You identify the goals of information governance, from protecting the needs of the stakeholder to ensuring the transparency of processes and how these link together to support data governance principles such as integrity, transparency, auditability, accountability, standardization and change management.
You study a range of governance topics including law, regulations, and compliance; security governance and risk management; security for cloud architectures and issues around 3rd party data storage.

Specialist Networks

You investigate developing or emerging network technologies in areas such as automotive, sensor, industrial and robot – in light of this, module content will change and adapt in line with the latest advancements and developments in the computer networking field.

You follow a research based approach and undertake a significant amount of self-directed investigation and use a variety of appropriate network and internet resources to explore cutting edge research developments in specialist computer networks.

 

Modules offered may vary.

How you learn

You attend a combination of lectures and practical sessions for each module. Lectures concentrate on teaching the principles while practical sessions allow you to put these principles into practice in purpose built labs. Throughout your practical sessions you receive feedback on your work and progress. You often work on a piece of work for several weeks building a deeper understanding of the subject as you work. The feedback you receive will help you to get the most out of your learning.

In your final year you also undertake a personal project which integrates much of the work you have studied in previous years.

How you are assessed

A variety of assessment methods are used. Your assessments are designed to build on the work you undertake in class, because your learning continues through the assessment period. An in-course assessment often consists of a practical exercise and an associated report helping you to develop both technical and business skills.


Our Disability Services team helps students with additional needs resulting from disabilities such as sensory impairment or learning difficulties such as dyslexia
Find out more about our disability services

Find out more about financial support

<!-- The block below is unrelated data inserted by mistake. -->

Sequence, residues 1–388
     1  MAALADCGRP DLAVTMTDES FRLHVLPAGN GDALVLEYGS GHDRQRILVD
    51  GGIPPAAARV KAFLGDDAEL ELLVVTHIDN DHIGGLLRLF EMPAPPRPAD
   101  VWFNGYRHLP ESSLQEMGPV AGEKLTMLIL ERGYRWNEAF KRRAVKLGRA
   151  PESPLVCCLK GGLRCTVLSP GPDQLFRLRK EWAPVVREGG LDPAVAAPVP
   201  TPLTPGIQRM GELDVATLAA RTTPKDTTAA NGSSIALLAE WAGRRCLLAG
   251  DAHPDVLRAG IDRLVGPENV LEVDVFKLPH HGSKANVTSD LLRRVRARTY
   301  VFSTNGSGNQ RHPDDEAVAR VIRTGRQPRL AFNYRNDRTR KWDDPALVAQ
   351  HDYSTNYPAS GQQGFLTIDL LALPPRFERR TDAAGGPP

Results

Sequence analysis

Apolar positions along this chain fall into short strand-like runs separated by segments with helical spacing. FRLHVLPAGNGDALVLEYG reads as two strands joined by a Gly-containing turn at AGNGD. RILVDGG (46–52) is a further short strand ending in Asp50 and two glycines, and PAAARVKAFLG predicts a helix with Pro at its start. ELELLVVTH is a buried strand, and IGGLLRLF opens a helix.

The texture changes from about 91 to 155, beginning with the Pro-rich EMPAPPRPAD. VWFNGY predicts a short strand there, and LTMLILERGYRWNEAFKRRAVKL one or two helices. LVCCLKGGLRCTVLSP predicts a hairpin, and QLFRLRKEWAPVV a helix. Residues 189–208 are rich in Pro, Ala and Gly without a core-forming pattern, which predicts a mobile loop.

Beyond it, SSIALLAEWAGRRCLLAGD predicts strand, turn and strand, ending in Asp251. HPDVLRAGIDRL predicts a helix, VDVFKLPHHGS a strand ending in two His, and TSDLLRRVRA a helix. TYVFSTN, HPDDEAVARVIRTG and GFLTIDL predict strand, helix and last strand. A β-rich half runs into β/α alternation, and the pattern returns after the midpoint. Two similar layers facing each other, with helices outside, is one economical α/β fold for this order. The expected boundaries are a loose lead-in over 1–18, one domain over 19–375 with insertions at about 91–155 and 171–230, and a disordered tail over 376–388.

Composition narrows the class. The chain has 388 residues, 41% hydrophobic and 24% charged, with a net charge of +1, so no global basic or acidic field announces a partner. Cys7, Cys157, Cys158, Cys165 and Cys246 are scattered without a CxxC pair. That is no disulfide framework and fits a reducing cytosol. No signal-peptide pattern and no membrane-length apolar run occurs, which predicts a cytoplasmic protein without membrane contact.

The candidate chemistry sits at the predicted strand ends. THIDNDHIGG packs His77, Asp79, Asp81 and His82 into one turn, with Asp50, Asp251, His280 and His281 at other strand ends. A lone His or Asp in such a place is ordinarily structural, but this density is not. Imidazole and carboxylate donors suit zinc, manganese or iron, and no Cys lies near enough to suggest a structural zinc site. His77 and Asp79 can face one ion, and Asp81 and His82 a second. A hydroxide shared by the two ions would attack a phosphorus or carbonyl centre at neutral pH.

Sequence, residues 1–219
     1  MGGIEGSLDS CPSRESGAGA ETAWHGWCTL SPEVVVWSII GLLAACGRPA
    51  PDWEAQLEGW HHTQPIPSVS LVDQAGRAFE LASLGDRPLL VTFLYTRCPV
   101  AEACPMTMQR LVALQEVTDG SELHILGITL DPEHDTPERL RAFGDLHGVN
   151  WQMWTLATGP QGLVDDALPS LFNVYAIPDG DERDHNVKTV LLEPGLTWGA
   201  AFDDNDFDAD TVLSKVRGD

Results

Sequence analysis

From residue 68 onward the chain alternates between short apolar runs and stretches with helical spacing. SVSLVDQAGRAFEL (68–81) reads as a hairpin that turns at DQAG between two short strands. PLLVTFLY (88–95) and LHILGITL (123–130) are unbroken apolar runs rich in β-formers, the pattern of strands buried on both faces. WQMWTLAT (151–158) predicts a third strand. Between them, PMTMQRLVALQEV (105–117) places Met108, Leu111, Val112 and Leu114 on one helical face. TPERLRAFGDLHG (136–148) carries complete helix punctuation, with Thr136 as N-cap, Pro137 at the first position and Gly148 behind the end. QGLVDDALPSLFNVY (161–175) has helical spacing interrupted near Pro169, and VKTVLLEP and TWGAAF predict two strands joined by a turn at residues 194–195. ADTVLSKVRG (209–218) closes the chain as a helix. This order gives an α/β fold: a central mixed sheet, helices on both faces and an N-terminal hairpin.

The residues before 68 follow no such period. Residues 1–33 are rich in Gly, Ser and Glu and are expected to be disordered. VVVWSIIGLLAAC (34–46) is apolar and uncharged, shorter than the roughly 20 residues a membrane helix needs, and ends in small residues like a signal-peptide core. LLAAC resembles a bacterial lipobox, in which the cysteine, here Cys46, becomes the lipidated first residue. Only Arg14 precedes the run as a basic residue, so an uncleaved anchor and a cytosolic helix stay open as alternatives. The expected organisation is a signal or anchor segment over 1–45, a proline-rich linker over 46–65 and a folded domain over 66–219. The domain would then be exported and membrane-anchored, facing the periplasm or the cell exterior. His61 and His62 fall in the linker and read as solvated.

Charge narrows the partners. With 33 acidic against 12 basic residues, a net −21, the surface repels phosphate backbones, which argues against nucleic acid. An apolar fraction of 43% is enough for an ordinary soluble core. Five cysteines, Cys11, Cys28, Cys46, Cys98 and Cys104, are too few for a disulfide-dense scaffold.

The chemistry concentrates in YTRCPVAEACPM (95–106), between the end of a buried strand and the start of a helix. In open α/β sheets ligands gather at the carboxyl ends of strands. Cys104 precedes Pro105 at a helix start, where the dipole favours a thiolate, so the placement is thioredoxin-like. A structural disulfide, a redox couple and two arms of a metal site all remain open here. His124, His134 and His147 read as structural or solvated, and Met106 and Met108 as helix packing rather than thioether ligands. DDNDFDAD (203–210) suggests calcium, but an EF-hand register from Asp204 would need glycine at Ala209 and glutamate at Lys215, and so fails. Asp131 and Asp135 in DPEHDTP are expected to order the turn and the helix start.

Find out more about our course related costs

Career opportunities

Our computing students go into a wide range of careers, both nationally and globally. Graduates have gone on to work in a range of industries including the power industry, avionics and the pharmaceutical industry.

Professional placement
During your degree we advertise a variety of paid placement opportunities (subject to availability). You can apply for a year-long supervised work placement between your second and final year. A placement gives you a valuable opportunity to improve your employment prospects by developing new skills and deepening your understanding of your subject.

Student selection is carried out by the employers through competitive interviews and often skills tests. Placements are not compulsory but are assessed and contribute to your final degree award.

Our placements team gives you help and support throughout the placement process, including guidance on applications and interviews, to help you get a placement that suits you.

Our students have been placed in organisations such as IBM, Microsoft, SABIC Petrochemicals and Thomson Reuters.

Entry requirements

A typical offer is 96-112 tariff points from at least two A levels (or equivalent), or 64-80 for entry to Year 0 (Foundation Year). You're required to attend an interview.

If you’re applying for entry to Year 0 (Foundation Year) please use UCAS code I122 BSc/CSNFY.

For additional information please see the entry requirements in our admissions section

International applicants can find out what qualifications they need by visiting Your Country


You can gain considerable knowledge from work, volunteering and life. Under recognition of prior learning (RPL) you may be awarded credit for this which can be credited towards the course you want to study.
Find out more about RPL

Foundation year

What is KIS?

How to understand the Key Information Set

Course information

Full-time

  • Length: 3 years (or 4 years including a work placement) or 4 years including foundation year (or 5 years including a work placement)

More full-time details

Part-time

  • Not available part-time

Contact details

Further information